It seems that advocates for “Dreamers”–young foreigners who would benefit from the Dream Act–are trying a new tactic: Leaving the country and then returning to seek asylum. Not long ago, I wrote about the Dream 9, who presented themselves at the U.S./Mexico border and requested asylum. They were released and will have to appear before Immigration Judges, who will decide their cases. Now, we have the Dream 30, who have done pretty much the same thing. This new tactic holds promise and risk, both for themselves and for other asylum seekers.
Asylum, of course, is a legal tool that has been used and expanded by creative lawyers. When the modern asylum system was created by the Refugee Act of 1980, many people who routinely receive protection today–victims of female genital mutilation, LGBT individuals, victims of domestic violence–would likely have been ineligible for asylum. To the extent that their actions are not simply a type of civil disobedience, the Dreamers seem to be seeking to expand the category of protected individuals to include people who grew up in the U.S., and who face threats in their home countries because they are viewed as “American.” This strategy raises two basic questions: (1) Will it work? and (2) How will it affect other asylum seekers?
First, will it work? I think it might, at least in some cases. I’ve represented several asylum seekers who made claims similar to the Dreamers: A lesbian who had not been to her home country of Sudan since she was young, Afghan women (and a few men) who studied in the U.S. and who are viewed by extremists as “Westernized,” an Iraqi woman whose family was associated with the U.S. These applicants were successful (or their cases are still pending), but my guess is that their claims are stronger than most of the Dreamers’ claims. Nonetheless, the principle is the same.
A broader–and more radical–solution for the Dreamers might be if the Obama Administration defined them as a particular social group for asylum purposes. There is precedent for such a move: In 2009, DHS issued a brief in Matter of LR where it stated, “DHS accepts that in some cases, a victim of domestic violence may be a member of a cognizable particular social group…. This does not mean, however, that every victim of domestic violence would be eligible for asylum.” Prior to the end of DOMA, I (clumsily) advocated a similar approach to help LGBT couples.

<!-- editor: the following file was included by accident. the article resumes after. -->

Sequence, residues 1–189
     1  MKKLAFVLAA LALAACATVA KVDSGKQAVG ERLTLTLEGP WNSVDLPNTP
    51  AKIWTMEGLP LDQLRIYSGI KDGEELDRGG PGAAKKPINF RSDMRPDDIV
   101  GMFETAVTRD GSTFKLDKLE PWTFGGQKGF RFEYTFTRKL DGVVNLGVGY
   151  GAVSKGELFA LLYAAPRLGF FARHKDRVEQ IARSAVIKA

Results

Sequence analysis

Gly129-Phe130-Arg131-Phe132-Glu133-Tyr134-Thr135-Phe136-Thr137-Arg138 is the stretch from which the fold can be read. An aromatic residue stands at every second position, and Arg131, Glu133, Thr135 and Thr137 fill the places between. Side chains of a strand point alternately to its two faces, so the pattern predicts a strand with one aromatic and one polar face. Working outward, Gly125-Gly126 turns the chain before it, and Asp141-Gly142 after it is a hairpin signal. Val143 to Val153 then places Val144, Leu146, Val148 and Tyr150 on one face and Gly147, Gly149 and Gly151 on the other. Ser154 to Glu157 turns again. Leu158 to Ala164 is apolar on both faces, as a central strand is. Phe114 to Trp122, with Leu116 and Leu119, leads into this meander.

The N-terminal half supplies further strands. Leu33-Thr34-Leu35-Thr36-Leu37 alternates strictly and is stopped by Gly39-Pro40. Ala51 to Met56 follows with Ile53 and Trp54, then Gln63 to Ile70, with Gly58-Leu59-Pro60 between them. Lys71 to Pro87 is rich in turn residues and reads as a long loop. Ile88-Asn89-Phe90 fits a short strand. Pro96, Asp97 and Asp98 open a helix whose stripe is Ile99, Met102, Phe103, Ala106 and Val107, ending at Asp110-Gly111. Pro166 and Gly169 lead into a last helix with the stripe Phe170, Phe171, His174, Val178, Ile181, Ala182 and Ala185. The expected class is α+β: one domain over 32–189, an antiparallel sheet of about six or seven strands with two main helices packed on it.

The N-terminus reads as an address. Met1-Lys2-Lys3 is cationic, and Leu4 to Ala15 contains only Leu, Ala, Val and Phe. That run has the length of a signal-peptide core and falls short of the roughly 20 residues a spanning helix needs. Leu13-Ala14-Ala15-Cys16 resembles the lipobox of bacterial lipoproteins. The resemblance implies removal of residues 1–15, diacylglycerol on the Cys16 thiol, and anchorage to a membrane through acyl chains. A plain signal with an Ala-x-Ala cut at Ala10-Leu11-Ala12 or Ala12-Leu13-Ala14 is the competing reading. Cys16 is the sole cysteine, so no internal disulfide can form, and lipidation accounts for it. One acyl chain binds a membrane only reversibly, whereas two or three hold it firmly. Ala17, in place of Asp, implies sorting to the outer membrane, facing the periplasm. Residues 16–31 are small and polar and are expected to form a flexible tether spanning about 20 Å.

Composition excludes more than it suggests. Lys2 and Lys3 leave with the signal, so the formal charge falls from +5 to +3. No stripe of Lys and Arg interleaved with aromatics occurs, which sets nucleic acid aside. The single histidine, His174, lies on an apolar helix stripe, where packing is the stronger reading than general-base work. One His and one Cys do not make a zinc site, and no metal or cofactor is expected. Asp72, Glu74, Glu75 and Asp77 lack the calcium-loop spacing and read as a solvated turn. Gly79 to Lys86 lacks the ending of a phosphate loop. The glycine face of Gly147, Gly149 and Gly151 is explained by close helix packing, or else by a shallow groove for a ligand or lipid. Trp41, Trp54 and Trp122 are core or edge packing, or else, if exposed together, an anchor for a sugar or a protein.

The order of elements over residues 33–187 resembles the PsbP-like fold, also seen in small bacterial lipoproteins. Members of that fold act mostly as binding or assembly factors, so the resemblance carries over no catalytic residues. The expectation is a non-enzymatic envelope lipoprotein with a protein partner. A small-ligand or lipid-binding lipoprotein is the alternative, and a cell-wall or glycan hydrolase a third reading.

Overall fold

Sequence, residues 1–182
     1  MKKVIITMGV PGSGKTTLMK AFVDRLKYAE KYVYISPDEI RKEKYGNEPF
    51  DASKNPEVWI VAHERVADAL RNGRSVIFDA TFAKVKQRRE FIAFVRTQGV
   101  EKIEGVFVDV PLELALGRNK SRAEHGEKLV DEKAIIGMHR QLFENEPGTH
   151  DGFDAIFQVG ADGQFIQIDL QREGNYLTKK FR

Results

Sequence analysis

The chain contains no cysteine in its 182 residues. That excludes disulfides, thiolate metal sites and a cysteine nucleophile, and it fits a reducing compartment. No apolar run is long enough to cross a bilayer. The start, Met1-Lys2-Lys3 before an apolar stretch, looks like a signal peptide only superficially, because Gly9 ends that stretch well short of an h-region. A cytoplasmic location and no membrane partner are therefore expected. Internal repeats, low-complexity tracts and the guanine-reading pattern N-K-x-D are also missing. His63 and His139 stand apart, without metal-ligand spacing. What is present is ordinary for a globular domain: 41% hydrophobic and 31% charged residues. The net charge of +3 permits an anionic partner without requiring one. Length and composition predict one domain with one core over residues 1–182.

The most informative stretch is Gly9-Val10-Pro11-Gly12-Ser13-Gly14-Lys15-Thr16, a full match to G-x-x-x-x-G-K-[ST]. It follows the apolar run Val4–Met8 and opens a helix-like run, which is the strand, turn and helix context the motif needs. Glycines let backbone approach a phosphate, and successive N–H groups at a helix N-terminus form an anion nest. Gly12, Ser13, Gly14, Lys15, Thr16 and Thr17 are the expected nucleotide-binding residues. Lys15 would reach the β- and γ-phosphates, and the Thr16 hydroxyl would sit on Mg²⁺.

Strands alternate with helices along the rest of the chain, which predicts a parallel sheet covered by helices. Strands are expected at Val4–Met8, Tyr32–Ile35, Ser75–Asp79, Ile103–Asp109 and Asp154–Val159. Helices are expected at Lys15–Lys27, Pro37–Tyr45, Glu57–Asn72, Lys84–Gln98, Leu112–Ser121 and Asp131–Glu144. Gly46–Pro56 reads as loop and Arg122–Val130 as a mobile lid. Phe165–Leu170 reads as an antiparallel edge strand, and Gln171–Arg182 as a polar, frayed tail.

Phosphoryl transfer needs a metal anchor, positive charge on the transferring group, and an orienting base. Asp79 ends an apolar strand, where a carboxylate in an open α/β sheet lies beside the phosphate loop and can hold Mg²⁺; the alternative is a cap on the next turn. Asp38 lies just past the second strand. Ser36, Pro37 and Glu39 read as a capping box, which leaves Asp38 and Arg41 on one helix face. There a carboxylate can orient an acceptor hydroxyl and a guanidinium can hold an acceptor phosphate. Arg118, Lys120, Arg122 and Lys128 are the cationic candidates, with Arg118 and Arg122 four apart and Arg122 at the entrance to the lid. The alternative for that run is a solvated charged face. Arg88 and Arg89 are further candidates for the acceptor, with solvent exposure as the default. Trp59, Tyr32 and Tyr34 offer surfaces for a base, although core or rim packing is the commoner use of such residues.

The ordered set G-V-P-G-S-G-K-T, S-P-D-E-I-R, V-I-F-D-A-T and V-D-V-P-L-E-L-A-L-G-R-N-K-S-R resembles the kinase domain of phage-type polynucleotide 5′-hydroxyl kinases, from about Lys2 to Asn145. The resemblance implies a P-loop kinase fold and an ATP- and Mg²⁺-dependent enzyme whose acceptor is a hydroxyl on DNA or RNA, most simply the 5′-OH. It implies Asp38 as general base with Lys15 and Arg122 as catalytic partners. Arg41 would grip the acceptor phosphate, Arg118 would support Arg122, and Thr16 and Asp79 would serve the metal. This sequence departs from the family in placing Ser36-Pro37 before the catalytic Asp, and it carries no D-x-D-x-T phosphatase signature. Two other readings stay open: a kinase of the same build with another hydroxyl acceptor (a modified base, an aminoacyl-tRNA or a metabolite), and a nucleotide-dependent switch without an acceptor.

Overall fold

If DHS agrees that deported Dreamers are a particular social group (defined as “young, Americanized Mexicans,” for example), they would then need to demonstrate that they face persecution in their home country based on their social group. DHS could potentially make a blanket determination that members of this social group would face persecution in Mexico, El Salvador or wherever, and – Voila! – Dreamers get asylum, and you effectively pass the Dream Act without Congressional action (and they could apply for asylum without leaving the U.S.).
Of course, there would be consequences to such an approach, which brings us to the second question: How will it affect other asylum seekers?
For one thing, unless significant resources were re-allocated, giving asylum to the Dreamers would completely overwhelm the asylum system. That system has already been ground to a halt by a few extra thousands arrivals at our border, so it certainly could not handle millions of new cases.
In addition, it would be very expensive. There are no government fees for asylum applications. Presumably, if the Dream Act becomes law, Dreamers will pay a fee to regularize their status. In general, USCIS is operated based on filing fees (that is why it has not been closed by the government shutdown), so these fees would be needed to adjudicate the Dreamers’ cases.
Third–and this for me is the real problem–it will harm (or destroy) the integrity of the asylum system. Asylum, by definition, is an individualized form of relief. While one person from a particular country may have a strong asylum case, another may have no case at all. To view these cases collectively sets a very bad precedent. Worse, to grant asylum to an entire group (i.e., Dreamers), many of whom probably would not otherwise qualify, turns the asylum system into a political tool for avoiding the normal legislative process (i.e., passing the Dream Act). Such a move would do great damage to the asylum system, a system that is supposed to be free from political influence.
Asylum as a blanket solution to the Dreamers’ dilemma is certainly not the best way to solve the problem. It would obviously be much better for Congress (specifically the House of Representatives) to pass the Dream Act and Comprehensive Immigration Reform. But as a strategic approach, perhaps the “threat” of giving asylum to all Dreamers might provide an incentive for the House to take up immigration reform. After all, the language of nihilism, self destruction, and ends-justifies-the-means is the only language that the House of Representatives seems to understand.